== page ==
No madam, we can’t find a chef to make you haggis

February 27, 2015
Can you recommend a Scottish chef in Brussels who can make haggis? How do I set my antennae to receive English TV channels in Italy? Can you find me cheap flights to New Zealand? These are just some of the recent enquires the Foreign and Commonwealth Office (FCO) has received from around the world.
Last year the FCO’s Contact Centres received more than 365,000 calls from British nationals. The vast majority of these were genuine calls from people who needed our help, but we still receive thousands of enquiries every year relating to issues we are unable to assist with. These enquiries can take valuable time away from those in genuine need of assistance.
 Some of the more unusual calls received in 2014 include:
-         A caller asking for help with setting up ‘British-style’  hanging baskets at a trade show because the professional gardener hired for the purpose had stage fright
-         A British woman asking the consulate in Albania how to find out if her son’s fiancée was already married
-         A caller asking for advice on how to treat a cat’s infected paw
-         A man called requesting that staff at the Embassy in Mexico City go to the airport to check whether he had left his mobile phone on a plane
-         A woman in Italy calling to enquire how she could synchronise her TV antenna to receive English channels
-         An event coordinator in Brussels asking for the name of a Scottish chef based in the country who could make Haggis for a Burns Night event.
Such enquiries stem from a lack of understanding of what FCO consular teams can do for British nationals overseas, so we are launching an awareness campaign to remind UK travellers and residents overseas of the services we provide, and what we can and cannot do.
The FCO’s priority is to protect the welfare of British nationals abroad, and consular staff will always do their best to assist people when they find themselves in difficulty. However, it is important for travellers to understand what services we provide before getting in touch. There are also some simple pre-travel steps that you can take to reduce the risk of getting into difficulty and needing our help, such as taking out comprehensive travel insurance, researching the destination and any health risks and ensuring access to emergency funds.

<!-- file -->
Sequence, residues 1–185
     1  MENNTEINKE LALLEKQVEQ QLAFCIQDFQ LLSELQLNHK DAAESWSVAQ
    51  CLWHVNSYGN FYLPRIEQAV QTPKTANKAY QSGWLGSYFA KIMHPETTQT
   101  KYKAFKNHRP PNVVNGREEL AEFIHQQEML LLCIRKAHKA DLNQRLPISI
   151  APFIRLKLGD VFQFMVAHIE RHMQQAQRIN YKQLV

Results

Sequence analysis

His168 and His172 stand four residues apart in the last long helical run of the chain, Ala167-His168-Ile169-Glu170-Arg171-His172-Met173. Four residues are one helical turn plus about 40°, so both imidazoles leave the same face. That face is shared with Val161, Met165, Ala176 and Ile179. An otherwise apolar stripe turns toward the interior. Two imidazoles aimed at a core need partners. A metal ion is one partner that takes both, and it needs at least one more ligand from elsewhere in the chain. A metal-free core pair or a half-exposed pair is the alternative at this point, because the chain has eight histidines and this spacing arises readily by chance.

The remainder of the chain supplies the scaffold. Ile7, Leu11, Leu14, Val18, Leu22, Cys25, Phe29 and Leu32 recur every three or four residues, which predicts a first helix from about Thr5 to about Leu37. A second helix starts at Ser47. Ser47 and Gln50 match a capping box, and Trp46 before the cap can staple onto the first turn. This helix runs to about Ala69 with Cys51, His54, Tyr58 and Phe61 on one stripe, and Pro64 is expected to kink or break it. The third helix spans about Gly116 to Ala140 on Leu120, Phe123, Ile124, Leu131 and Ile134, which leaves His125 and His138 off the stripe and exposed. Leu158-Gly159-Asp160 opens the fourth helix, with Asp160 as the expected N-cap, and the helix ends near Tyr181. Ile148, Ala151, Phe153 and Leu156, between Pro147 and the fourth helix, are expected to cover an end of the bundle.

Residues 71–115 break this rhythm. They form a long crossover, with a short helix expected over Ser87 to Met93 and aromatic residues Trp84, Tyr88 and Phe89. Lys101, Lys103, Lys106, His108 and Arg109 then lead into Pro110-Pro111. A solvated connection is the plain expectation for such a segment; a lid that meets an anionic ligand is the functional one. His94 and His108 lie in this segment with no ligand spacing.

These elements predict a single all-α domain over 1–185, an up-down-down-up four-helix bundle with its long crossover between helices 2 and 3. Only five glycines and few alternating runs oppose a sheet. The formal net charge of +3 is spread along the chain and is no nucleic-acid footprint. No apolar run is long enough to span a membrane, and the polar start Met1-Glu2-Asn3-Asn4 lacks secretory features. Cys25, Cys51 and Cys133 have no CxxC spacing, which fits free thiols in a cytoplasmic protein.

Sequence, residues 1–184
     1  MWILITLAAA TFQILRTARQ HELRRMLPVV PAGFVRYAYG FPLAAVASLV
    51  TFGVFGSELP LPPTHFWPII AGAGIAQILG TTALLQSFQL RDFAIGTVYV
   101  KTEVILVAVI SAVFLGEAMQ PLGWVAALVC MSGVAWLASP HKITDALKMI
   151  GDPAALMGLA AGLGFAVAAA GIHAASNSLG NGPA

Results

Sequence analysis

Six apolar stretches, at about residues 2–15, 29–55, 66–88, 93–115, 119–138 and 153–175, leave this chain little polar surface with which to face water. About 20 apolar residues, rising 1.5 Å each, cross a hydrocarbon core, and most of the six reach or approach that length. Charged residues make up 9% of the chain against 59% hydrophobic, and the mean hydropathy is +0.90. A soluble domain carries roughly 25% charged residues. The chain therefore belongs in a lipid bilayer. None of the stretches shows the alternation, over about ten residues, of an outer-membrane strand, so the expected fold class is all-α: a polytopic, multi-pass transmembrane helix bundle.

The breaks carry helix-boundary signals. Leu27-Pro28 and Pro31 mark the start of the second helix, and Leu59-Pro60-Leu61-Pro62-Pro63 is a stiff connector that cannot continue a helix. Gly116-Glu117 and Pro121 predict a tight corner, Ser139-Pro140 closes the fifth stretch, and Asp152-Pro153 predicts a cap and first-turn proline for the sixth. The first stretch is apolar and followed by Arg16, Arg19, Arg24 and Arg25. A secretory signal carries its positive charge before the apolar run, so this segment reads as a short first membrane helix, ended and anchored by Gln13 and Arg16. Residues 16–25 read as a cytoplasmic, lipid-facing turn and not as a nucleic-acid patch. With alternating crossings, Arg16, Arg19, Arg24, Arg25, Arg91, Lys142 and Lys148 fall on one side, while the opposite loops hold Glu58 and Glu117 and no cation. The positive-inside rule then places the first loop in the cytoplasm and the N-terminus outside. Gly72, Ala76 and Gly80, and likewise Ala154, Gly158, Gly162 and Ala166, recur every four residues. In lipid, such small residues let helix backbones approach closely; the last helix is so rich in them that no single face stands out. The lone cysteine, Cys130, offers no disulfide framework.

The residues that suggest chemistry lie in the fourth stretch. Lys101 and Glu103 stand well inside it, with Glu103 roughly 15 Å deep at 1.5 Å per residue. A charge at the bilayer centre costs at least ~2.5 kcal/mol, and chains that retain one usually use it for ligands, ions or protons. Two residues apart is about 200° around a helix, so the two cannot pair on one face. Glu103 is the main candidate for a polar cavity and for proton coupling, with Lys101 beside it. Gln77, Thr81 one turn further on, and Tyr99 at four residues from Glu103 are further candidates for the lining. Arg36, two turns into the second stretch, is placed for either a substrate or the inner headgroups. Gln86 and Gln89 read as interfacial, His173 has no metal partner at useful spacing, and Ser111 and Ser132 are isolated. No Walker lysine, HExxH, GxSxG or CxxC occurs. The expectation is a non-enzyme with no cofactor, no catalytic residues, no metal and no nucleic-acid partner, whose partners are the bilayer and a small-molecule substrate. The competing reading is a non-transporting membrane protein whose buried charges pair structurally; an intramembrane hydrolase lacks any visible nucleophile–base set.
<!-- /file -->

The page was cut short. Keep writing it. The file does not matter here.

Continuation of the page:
Foreign & Commonwealth Office Minister, David Lidington, said:

 “It is important for FCO consular staff to be able to focus on our most vulnerable customers, such as victims of crime, those who have lost a loved one abroad or people who have been detained or hospitalised overseas.

“Consular staff support thousands of British nationals who encounter difficulties overseas every year and we handle over 365,000 enquires annually. We will always try to help where we can but there are limits to what we can do, so it’s important for people to be aware of how we can help.
“We can issue an emergency travel document if your passport is lost or stolen, offer support if you become a victim of crime or visit you in hospital or prison, but we aren’t able to pay medical bills, give legal advice or get you out of jail, or indeed act as veterinary surgeons.”
Head of the FCO’s Global Contact Centres, Meg Williams, said:
“The role of the FCO Contact Centres is to help enable consular staff to focus on what is important and to concentrate on those in need, but we continue to receive misdirected enquiries from British nationals. We receive hundreds of thousands of calls every year and while the vast majority of these are from British nationals in genuine need of our assistance and services, in 2014 38% were not related to consular support at all.
“For example, one caller asked us to help find his son’s missing suitcase – as it had apparently been lost by a British airline, the caller thought the British consulate would be able to locate it.”
Recent research revealed that the number of people who have knowledge of what embassies and consulates do has dropped to the lowest in three years among young people (aged 16-24), from 62% in 2011 to 55% in 2014.